By Susan L'Heureux
Ohio — 2005
There is an enormous oak tree outside my bedroom window whose branches spread up and out over my neighbor’s house and mine. The tree’s roots stretch out under our backyards and are threatening to uproot his garage. The spring he moved in, my neighbor had some tree people come out to give him an estimate for cutting it down. It’s on his property and some of its branches were becoming a real danger to my roof. One of its substantial branches could, after all, crash through my attic in a storm or could bean any of us sometime when we are outside. I guess he is afraid of the liability, though it’s never bothered me. I love that tree. When he learned it would cost him five thousand dollars or more to cut it down, he gave up the idea. He simply had them prune some of its more obviously problematical branches and now it stands there still in all its ancient glory.
I cannot imagine my house in Dayton without the oak, so I rejoice in Patrick’s inability to raise the cash to chop it down. First thing in the morning, I open my blinds and it is there. In winter it is like chicken scratches against the winter sky. In spring, soft fragile buds emerge. And a full-blown cloak shades us in summer. It’s so grand it lends distinction to our little cottage, reminding me that I live in a home that’s 90 years old next to a tree far older than that. My house was built when trees were not bulldozed to make room for construction. I have placed our bed so I see it as I drop off for my afternoon nap. The tree soothes and connects me to the world and to myself and I relax fully under its sturdy, intricate presence.
Much of the time I’m unaware of it, but it is very good at making itself felt. There are always branches to pick up in the spring or anytime it’s been windy. Its soft, pollinating buds cause me weeks and sometimes months of a stuffy nose and runny eyes. The pollen sifts down over our deck and yard in the spring and for weeks they are coated with brown, crumbly stuff that needs to be swept from the floors inside the house and the driveway and walks outside. It’s impossible to grow a nice, carpet of grass out back because its roots poke up everywhere making the back yard lumpy and uneven. And all of this is nothing compared to the major removal task we have in the autumn. The oak is always the last to let go of its leaves and after we have cleared all the leaves from the front and sides of our small home, it still drops more sometimes as late as after the first snow.
And yet I would rise up in fury to protect this tree and use all my powers of persuasion should my neighbor ever find the money to take it down. There’s something here about attachment and work, love and commitment, a thread that twists its way through so much of my life.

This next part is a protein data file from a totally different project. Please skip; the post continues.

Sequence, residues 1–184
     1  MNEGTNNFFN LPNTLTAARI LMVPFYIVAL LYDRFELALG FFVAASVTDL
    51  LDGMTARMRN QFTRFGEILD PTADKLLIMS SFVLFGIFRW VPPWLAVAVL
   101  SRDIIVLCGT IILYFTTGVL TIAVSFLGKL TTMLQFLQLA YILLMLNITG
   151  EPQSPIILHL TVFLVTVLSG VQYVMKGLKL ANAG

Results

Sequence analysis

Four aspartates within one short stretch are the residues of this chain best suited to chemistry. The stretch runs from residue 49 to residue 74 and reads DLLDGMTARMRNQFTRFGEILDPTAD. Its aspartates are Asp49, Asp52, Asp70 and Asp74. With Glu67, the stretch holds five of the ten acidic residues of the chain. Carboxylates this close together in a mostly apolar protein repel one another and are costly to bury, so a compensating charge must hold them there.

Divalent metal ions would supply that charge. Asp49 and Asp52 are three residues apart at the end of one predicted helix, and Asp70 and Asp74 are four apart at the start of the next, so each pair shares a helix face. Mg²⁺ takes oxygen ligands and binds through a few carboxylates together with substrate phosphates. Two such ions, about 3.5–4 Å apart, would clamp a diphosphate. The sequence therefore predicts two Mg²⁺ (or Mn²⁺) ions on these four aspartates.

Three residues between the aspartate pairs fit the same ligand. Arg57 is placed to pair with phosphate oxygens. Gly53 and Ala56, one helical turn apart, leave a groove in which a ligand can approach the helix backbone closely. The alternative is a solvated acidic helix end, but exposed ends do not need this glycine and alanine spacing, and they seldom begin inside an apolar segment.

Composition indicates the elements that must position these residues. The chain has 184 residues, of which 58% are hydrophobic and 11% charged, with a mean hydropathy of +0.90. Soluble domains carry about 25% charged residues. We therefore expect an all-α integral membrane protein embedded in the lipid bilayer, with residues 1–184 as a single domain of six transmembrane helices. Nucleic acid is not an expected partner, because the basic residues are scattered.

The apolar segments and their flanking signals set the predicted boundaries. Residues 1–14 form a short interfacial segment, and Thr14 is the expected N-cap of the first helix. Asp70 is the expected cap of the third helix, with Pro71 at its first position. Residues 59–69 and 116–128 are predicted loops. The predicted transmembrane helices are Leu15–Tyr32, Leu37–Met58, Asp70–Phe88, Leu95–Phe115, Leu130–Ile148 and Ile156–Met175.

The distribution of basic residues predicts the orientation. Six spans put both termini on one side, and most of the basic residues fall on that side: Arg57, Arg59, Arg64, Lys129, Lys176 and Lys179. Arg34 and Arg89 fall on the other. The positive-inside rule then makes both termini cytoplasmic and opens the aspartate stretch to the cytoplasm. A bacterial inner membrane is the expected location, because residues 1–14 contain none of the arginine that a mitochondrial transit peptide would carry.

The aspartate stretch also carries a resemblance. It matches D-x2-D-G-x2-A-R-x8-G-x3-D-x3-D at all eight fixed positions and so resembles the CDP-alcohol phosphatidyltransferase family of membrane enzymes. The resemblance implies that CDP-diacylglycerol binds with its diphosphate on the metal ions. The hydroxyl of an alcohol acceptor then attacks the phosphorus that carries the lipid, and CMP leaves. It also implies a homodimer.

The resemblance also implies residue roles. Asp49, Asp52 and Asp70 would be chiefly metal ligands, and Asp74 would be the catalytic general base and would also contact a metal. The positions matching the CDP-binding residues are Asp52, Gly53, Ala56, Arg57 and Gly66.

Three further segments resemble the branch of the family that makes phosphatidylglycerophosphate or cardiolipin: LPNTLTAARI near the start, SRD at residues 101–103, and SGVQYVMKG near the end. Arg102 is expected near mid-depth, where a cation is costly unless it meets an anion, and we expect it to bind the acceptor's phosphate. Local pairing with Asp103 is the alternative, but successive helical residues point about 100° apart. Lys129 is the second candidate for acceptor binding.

Colorado — 2009
In the summer we live in the middle of an aspen grove in Colorado, 10,000 feet up, across from the Indian Peaks wilderness. Aspens, white and sinuous in the afternoon sun, twist with the least pressure of air. Their gold and gray leaves like the tiny flags of a fairy nation, catch the light and throw it back bringing the whole mountain to fluttery life under a shifting pattern of sun and clouds. These trees with their silver boughs, and their glistening, waving leaves add grace and fragility to our otherwise rugged mountain clearing.
Every summer when we arrive the clearing is a mess. Our pine trees sitting in a winter wind tunnel grow short branches on one side. Near them lie mature dead aspens, their whitened, gray trunks and lifeless branches stretched out like ghostly carcasses. This disturbs my sense of order. In between hiking, carrying water up from the spring and preparing meals, reading and taking naps, I spend many hours of my first few weeks here hauling them away. Most are easy to uproot and brittle to snap into manageable loads. Lightweight, I can drag them to the edge of the ridge and toss them over. My husband, Conrad, laughs at what he calls my tidying up the forest. I’m pretty sure he’s only teasing. But for me there’s this equation in my head between love and work that I get to act out here every summer.
Sometimes in the morning, I carry my up of coffee and a folding chair up the hill behind our cabin to sit on a quartz outcropping and watch the sun come up in the east. Gradually it lightens the valleys and foothills that stretch north towards Estes Park. The aspens are glorious as the first light reaches them. I marvel that they can survive even one winter on this ridge where winds can reach ninety miles an hour. Yet, when I look out over the valleys, I see thousands of them stirring on slender stalks, bending and swaying in the spaces between the peaks, surrounding the lakes and dancing up to the tree line. It is not that they are indestructible. It’s that they are prolific.
Most afternoons when we return from hiking, I climb the ladder to our loft room, open the wide window facing west into the mountains and I drift for several hours among the aspens and the scent of pines and the vision of snow tipped peaks on the horizon. Nowhere else in my life do I experience such stillness, unnerving when I first arrive each summer but, after a week or two, lifesaving.
California — 2016
We live at the edge of a golf course where we are encircled by trees that mark the boundary between the clubhouse fairway and the putting green below our windows. I have loved this apartment from the first moment I laid eyes on it. The natural beauty always in sight has been a daily, no, an hourly pleasure for me.